If you are responsible for managing systems, you should have some sort of disaster recovery plan. Even if you are only managing the one system you carry with you on a regular basis, you should ask the question: What would it take to destroy this data?
It’s a good question, and in the post I’ve linked above, a technologist talks about some of the failings of disaster recovery plans because they forward engineer plans to recover systems. People think of specific problems and try to prevent them. They don’t reverse engineer to find out what events would cause them to lose their system.
That’s really the key to a lot of design and architecture in computer science. You can’t think about just what you expect to happen, or even what you want to happen. You have to consider the other ways in which events could occur or the issues that could cause an problem in your system. In development, the things you expect are considered to be the happy path. A good architect or engineer will think about everything else in addition to the happy path.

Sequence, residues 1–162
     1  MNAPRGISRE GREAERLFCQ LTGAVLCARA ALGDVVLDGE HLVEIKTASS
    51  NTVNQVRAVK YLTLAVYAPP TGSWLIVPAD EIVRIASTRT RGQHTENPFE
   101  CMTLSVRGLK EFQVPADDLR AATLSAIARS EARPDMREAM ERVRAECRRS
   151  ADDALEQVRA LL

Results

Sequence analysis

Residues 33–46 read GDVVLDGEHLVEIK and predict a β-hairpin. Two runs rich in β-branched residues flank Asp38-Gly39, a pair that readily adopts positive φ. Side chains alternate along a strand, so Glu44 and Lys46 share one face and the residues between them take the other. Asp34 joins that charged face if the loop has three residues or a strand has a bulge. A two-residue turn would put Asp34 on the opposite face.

I sometimes think that far too many decisions are made while considering the happy path, but ignoring or discounting the other paths available. These other paths may be unlikely to occur, but having worked with computer for over 25 years, I can tell you that I often find the least likely events occurring far too frequently.
As the author says, you should never say “I never even thought of that happening.” Consider reverse engineering problematic situations and then make a judgment of how likely is it that any of the events will occur. That way you have at some idea of what could go wrong and what events you are willing to protect against.
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